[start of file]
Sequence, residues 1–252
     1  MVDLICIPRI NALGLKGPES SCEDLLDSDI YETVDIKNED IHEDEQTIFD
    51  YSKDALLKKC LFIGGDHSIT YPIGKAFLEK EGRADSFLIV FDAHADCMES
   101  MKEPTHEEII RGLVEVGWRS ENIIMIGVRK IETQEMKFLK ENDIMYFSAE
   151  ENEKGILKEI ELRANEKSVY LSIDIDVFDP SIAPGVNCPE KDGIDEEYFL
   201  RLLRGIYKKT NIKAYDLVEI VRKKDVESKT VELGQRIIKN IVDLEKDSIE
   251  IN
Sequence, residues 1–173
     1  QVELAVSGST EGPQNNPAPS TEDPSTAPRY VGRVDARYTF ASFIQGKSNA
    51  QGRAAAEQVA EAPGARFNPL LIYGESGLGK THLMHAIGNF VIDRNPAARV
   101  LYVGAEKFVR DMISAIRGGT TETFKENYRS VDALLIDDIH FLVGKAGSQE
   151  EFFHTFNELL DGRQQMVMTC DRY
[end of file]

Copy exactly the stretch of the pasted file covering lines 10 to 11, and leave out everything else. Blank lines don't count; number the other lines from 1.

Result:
    51  QGRAAAEQVA EAPGARFNPL LIYGESGLGK THLMHAIGNF VIDRNPAARV
   101  LYVGAEKFVR DMISAIRGGT TETFKENYRS VDALLIDDIH FLVGKAGSQE